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Despite Trump, Biden plans for pandemic fight, economic recovery

Only weeks remain before President-elect Joe Biden is inaugurated. In a speech Monday, Biden focused on how he would act to rebuild the U.S. economy after the damage inflicted by the coronavirus pandemic. But meanwhile, he and his team are concerned about how President Trump’s denials of his victory could slow progress around a COVID-19 vaccine. Lisa Desjardins joins Judy Woodruff to discuss.

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  • Judy Woodruff:

    With about nine weeks until his inauguration, president-elect Joe Biden's focus today was on rebuilding the economy after the coronavirus.

    Lisa Desjardins was at the president-elect's speech. And she joins us from Wilmington, Delaware.

    So, Lisa, let's start with today's news that we have been discussing, the promising word on a vaccine, a second vaccine. What is president-elect Biden saying about this and the potential for mass distribution of it?

  • Lisa Desjardins:

    As you were discussing with Francis Collins there, the president-elect is saying that there are real concerns and he thinks a real threat to human beings in this country if he is not and his team is not able to get information about the vaccine plan specifically and other things.

    But what does that mean exactly? I talked to Dr. Atul Gawande. He's one of the members of president-elect Biden's Coronavirus Task Force. He's a professor at Harvard, among other qualifications that he has.

    And he said, as you have been talking about, that nothing like this has ever been attempted, not in scope, not in speed, and that, in eight weeks, a new administration will take over the handling of this monumental task, and they need to know at least as much as they can, if there is a plan, about that plan.

    Second, Dr. Gawande also told me something else interesting. It's not just about the vaccine that the — that Biden has a concern, but also about general supplies. Dr. Gawande says he's hearing from nursing homes and others already that there could be shortages of supplies of things like gloves or masks, things that people will need to care for the people who get the disease, as well as for people who want to administer the vaccine.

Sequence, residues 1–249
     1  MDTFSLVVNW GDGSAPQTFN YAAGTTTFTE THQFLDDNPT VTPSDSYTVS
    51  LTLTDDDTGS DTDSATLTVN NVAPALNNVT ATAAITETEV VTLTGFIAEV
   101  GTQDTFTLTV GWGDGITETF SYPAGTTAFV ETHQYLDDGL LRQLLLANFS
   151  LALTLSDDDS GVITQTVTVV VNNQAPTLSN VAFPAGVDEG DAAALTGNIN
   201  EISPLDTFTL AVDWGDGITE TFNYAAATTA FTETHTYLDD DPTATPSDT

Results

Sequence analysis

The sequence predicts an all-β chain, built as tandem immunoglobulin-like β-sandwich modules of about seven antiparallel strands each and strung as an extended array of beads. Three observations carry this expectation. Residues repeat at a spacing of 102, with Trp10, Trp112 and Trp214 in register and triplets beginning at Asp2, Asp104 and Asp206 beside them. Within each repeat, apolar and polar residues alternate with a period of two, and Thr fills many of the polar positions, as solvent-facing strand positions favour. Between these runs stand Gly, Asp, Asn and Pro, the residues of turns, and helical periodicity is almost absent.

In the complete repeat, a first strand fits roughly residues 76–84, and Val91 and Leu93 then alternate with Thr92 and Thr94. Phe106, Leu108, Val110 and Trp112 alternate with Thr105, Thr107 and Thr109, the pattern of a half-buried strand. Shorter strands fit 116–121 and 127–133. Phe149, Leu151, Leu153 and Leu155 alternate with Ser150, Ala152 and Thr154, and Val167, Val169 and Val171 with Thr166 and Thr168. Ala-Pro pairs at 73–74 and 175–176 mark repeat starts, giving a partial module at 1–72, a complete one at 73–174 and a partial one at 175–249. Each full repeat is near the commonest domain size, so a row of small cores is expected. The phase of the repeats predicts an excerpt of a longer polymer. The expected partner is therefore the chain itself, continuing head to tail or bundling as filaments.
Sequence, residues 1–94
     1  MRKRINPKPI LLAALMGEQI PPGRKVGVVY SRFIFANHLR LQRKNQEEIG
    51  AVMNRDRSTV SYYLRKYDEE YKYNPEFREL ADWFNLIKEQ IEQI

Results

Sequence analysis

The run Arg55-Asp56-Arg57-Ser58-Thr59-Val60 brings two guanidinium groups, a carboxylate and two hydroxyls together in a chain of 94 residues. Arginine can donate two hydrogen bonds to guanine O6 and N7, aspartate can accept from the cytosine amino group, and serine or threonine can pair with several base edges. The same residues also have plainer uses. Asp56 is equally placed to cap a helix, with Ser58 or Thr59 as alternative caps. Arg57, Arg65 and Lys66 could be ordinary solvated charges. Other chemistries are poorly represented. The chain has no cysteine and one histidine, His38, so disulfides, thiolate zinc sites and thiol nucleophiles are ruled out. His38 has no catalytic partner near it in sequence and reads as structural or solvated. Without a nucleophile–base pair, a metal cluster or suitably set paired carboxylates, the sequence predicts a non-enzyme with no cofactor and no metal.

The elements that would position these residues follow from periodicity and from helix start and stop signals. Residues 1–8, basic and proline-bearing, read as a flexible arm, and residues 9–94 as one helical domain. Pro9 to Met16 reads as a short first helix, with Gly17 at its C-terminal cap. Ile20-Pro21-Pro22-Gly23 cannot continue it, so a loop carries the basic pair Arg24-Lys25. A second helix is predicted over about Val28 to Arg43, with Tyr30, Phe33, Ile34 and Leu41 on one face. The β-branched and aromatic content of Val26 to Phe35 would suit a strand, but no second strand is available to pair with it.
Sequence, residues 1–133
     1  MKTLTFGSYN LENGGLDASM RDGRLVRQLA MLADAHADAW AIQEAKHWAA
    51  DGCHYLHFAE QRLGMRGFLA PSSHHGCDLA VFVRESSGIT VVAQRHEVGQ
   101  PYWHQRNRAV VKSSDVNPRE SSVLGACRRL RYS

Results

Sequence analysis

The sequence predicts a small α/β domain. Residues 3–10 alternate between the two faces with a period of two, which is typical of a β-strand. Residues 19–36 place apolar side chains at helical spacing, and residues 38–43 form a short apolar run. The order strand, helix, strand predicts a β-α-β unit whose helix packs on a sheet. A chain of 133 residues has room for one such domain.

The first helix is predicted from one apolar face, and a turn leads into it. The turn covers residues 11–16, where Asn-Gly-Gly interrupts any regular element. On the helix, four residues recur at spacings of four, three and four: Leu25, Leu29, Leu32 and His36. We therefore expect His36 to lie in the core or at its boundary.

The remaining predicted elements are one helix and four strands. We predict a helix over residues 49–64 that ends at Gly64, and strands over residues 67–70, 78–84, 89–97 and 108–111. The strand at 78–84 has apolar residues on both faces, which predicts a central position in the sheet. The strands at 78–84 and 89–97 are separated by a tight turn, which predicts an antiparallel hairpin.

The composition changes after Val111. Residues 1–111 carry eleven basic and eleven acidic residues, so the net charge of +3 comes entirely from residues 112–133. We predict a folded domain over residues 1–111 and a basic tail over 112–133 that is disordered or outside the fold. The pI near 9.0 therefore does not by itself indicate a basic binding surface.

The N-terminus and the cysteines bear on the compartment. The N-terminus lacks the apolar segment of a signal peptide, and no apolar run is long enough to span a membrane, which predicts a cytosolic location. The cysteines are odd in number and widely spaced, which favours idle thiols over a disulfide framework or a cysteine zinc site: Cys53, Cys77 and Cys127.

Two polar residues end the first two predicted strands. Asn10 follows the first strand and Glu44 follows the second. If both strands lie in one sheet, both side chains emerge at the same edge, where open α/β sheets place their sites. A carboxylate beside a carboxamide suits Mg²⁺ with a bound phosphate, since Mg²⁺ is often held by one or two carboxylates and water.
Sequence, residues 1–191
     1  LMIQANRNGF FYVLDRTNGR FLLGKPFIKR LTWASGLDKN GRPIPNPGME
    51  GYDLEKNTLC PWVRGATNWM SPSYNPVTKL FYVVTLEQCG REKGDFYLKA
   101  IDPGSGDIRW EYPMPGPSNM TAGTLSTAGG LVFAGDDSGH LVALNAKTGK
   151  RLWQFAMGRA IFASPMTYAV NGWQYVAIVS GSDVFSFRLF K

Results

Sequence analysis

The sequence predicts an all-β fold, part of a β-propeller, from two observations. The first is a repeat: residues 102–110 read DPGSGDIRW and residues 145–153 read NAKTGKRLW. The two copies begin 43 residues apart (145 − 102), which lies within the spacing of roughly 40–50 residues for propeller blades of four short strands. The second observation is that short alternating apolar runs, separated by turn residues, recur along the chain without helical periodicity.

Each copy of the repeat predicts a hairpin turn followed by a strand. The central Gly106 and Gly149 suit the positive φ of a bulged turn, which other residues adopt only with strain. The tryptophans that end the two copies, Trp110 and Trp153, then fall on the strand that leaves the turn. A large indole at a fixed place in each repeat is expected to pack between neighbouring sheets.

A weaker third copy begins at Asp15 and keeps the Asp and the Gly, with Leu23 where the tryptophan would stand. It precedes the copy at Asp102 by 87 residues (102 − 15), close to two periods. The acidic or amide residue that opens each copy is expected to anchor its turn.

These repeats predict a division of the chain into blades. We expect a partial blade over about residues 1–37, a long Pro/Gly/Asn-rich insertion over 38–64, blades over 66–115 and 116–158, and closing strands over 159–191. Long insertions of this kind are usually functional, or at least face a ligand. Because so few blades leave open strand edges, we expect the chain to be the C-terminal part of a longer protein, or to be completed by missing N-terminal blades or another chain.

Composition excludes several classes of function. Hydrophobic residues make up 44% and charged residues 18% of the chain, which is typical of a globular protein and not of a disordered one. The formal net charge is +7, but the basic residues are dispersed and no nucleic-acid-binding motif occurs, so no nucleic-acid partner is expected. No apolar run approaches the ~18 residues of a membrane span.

So, there is a very sort of critical supply question also that the Biden team would like to have more answers to.

  • Judy Woodruff:

    Now, Lisa, we know the president-elect also talking today, focusing on the economy, connected to the pandemic, of course.

    He met with leaders of both organized maybe organized labor and business. Any signs early on of any — of common ground for a path forward there?

  • Lisa Desjardins:

    You know, Judy, how many times do we hear about these meetings, and we hear there was common ground, it was productive, and, sometimes, we're skeptical, right?

    Well, I spoke to people in that meeting and who said, actually, it was productive, including the leader of the Service Employees International Union. She has many nurses and front-line workers in her union. A

    And she says that all of those CEOs, everyone agreed on a couple of things, including that there is more need to focus on PPE now, also that there's a need they said they agreed on for more attention right now on communities of color, which are suffering economically and in health.

    And one more thing, Judy. There was an interesting conversation between the UAW and also GM about electric cars. Is that a way that they can help with jobs in the future if they get some federal help from a future Biden administration?

  • Judy Woodruff:

    So, Lisa, he's only been president-elect for, what, a little more than a week since the race was called.

    Is it known what, if anything, he can do now before he — well before he takes office to do something about the need for economic recovery?

  • Lisa Desjardins:

    Yes, my reporting gave us some ideas.

    You know, president-elect Biden said today there's only one president at a time. But what he's doing, as we saw, in this call is marshaling resources to try and help the situation in the future and also right now.

    One thing that he asked these CEOs and union leaders to do was put pressure on Congress right now, before he takes office, to try and pass some more coronavirus relief. He might not get credit for it, but he's saying, we need it now. We can't wait until January.

  • Judy Woodruff:

    All right, Lisa Desjardins reporting from Wilmington, thank you very much.

  • Lisa Desjardins:

    You're welcome.

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